The commentary that immediately followed on Facebook, Twitter, in person and over text was astoundingly full of clichés. It was almost as if I had shared my story, desperate for an answer. Quite the contrary!

I know everyone is trying to be helpful, but if one more person delivers a cliché in response to my tales of singlehood, I’m either going to scream, or vomit.  Perhaps both.

The following are a list of phrases I will pay to never hear again.

1.  The right one will come along, or God will bring the right one to you.

First of all, I’m not one to just sit around, waiting for things to happen.  Secondly, how can I argue with a cliché, starring God? He is in charge of everything, but He’s never promised me a second husband.  At this point, I’m just trying to get a decent date.  Furthermore, I do not believe in “The Right One” or “The One”. I believe you pick someone, and make it work. In all my years of therapy, I have learned chemistry and compatibility are the two most important factors that make up a relationship.

Chemistry: You’ve got to want to make out with the person all the time, because eventually, they will annoy the crap out of you.

Compatibility: You’ve got to get along with them initially, and have similar goals, because eventually, they will annoy the crap out of you.

But, you make it work, because love is always worth the risk. 

2.  When you stop looking, you’ll find him. 

Thank you for insinuating I am so desperate for a man in my life, I am constantly looking for one. There are days I rejoice in my freedom, and there are others when I am trying so hard not to look, all I see is dog poo on the sidewalk.

The truth is, anyone who is single and desires to be in relationship WILL NEVER STOP looking, hoping, wondering and dreaming, no matter how much we try to deny it.

3.  Do what you love, and the rest will follow.

This statement is actually less an annoying cliché and more frustrating truth. I moved to New York to pursue my career goals, not to find a man. At the same time, refer to cliché #1. If a man happens to cross my path (perhaps on the subway), I will not reject him. But if he’s not interested, I’m not going to stalk him. (Okay, maybe a little…)

At this point, I am doing what I love, and what I hope to immediately follow is a hard-earned paycheck.

4. Timing is everything. Be patient. Maybe he’s not ready yet.

I’m sorry, but I don’t have time to wait around for someone to figure out what to do with me. I want to be in a relationship with a man, not a boy who doesn’t know what – or who — he wants.

5.  He’s out there, somewhere.

Whenever someone says this to me, I immediately think of the love of my life, floating silently through the galaxy in one of those heavy-yet-gravity-free, badass space suits. I giggle at the mental picture, and then start to feel sorry for him, being all alone “out there, somewhere” (most likely, lost in the time-space continuum).

Maybe he’s in Indiana.

You know what else is “out there, somewhere”? Giant water buffalo. Babies being groomed to become sumo wrestlers. Dogs who wear sweaters. A cure for cancer. The next teary-eyed winner of a reality television talent competition. The eighth wonder of the world. My Tony, Oscar, Grammy and Pulitzer Prize Awards. Buttermilk.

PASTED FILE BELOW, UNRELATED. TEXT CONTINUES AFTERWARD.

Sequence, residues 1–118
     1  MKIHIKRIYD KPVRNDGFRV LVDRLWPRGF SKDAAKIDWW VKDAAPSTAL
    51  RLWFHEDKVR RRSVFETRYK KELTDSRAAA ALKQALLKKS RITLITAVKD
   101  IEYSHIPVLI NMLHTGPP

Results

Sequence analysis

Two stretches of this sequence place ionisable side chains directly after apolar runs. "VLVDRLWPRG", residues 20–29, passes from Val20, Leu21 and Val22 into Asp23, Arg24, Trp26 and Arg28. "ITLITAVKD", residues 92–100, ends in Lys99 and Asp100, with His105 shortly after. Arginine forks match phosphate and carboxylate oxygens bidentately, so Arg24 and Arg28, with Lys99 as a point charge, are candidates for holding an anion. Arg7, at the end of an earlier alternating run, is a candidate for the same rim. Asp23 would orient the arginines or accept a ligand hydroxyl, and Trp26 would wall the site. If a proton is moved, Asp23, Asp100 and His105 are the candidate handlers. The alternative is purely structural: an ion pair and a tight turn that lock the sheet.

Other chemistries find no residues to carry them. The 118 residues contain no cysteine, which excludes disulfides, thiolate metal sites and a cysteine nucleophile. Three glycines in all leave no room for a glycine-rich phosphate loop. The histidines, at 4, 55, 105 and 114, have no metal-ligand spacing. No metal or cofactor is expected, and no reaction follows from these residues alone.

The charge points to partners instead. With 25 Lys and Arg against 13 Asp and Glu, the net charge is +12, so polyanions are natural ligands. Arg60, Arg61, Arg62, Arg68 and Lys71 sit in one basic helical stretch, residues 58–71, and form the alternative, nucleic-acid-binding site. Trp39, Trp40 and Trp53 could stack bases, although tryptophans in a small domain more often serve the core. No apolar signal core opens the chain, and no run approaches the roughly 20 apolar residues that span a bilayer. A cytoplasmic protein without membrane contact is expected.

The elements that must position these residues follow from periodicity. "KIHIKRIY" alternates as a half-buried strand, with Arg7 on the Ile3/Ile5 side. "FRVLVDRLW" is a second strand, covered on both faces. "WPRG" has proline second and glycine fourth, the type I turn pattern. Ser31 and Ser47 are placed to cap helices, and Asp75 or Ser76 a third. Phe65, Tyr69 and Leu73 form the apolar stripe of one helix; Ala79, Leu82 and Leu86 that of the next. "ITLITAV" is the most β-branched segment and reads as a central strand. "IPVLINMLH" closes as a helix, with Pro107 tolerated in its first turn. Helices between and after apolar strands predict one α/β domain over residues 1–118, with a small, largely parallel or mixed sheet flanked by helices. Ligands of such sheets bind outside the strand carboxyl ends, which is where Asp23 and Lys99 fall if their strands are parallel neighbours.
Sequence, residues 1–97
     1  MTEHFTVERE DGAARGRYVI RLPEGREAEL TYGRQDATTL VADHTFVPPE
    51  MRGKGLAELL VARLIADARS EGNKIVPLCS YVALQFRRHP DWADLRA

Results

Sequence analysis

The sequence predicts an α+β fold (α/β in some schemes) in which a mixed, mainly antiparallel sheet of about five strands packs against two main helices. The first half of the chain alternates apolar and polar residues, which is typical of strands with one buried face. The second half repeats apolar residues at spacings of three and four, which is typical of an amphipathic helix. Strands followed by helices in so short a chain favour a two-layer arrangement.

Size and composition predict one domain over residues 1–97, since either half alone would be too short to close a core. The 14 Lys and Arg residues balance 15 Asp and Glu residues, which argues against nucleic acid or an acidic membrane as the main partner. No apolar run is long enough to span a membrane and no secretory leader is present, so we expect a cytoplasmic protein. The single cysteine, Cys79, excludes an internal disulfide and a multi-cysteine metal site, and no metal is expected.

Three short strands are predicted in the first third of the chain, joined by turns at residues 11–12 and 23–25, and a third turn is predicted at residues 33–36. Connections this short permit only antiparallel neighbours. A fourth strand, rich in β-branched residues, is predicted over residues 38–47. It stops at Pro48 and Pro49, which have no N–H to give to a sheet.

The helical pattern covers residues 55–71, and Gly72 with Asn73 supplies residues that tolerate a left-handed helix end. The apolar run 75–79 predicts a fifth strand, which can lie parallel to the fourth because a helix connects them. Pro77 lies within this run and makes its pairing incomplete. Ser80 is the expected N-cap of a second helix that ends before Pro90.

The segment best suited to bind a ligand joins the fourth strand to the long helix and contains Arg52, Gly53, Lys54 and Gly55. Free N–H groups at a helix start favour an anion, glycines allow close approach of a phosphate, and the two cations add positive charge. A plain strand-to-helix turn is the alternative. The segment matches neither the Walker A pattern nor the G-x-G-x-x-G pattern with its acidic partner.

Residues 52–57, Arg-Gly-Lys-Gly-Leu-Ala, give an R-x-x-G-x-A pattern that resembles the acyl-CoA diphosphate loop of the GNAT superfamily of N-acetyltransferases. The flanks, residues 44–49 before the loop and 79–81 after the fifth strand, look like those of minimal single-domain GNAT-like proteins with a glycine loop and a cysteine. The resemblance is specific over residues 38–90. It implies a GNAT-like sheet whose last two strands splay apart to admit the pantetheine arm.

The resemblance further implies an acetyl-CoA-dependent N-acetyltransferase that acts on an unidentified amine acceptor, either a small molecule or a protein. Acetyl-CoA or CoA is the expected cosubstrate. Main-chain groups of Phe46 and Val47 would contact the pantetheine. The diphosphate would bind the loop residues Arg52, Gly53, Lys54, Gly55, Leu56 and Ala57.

6.  I don’t understand how someone as smart, talented, articulate and beautiful as you can still be single.

The right one hasn’t come along yet. God hasn’t brought him to me. Maybe I’m looking too hard. Perhaps I’m too focused on doing what I love to do. Maybe it’s just not the right time.

Or maybe you should just ask me out.

Raindrops in a Sea of Grace

I woke up late this morning to raindrops on the fire escape. The tiny beads of water line themselves up in rows of eight to twelve along each metal railing and stair. They linger until the moment you look out the window and catch a glimpse of all the fire escapes on the surrounding buildings. The chorus of raindrops glitters and gleams as high as your eye can see. Slowly, one by one, they flutter to the pavement.

I decided I needed to write today.

Besides finding stage work, one of my goals in New York is to finish my book. I think I’ve been talking about completing it for almost ten months now, but haven’t written one word past Chapter 72. I know I have to end the story of the divorce, for the sake of the book.

At the same time, and not to make any more excuses, I feel as if I’ve been living the ending. Two years after pleading with God to help me end my divorce and move to New York, I am finally here.

The details matter, of course. I just don’t want to re-live them.

A few days ago, I started to write the “real” Chapter 73. I opened up my old journal and emails, and began plugging away. The more I read through three-year old communication with X, however, the angrier I got.

Why did I stay married to that guy for so long?! I screamed at myself. Every word of his on that computer screen reeked of bullshit; mine of desperation. It’s amazing how love can blind us. Yet, when two people choose to love each other, it can paint an incredible, rich canvas of life. Everything is redeemable. Anything is possible.

* * * * *

After an audition yesterday, I met up with a lovely, talented actress/director friend who just so happens to be divorced, as well. She is happily re-married to a faithful, loving man.

“Can I ask you something personal?” she asked, her piercing teal-blue eyes staring straight into mine.

“Absolutely,” I responded, my mouth full of hot bread and warm olives. Traffic outside our corner window table started picking up. Gentle flakes of snow fell to the ground, and the busy street transformed into a palette of color: grey sky, yellow cabs, black umbrellas and bright, multi-colored scarves.

“Have you been able to fully forgive X?” Her question was direct.

I paused, about to pop another green olive into my mouth.

“I don’t know,” I sighed.  I carefully placed the olive back on my plate.

I began to explain how I think I have forgiven X as much as I am humanly capable. The rest is up to God. If I stop and think about how X betrayed himself, first, then me, our marriage and everything for which we stood, I get angry. It looks like he got away with all of his shenanigans, and moved forward, almost seamlessly, into a whole new life, without consequence.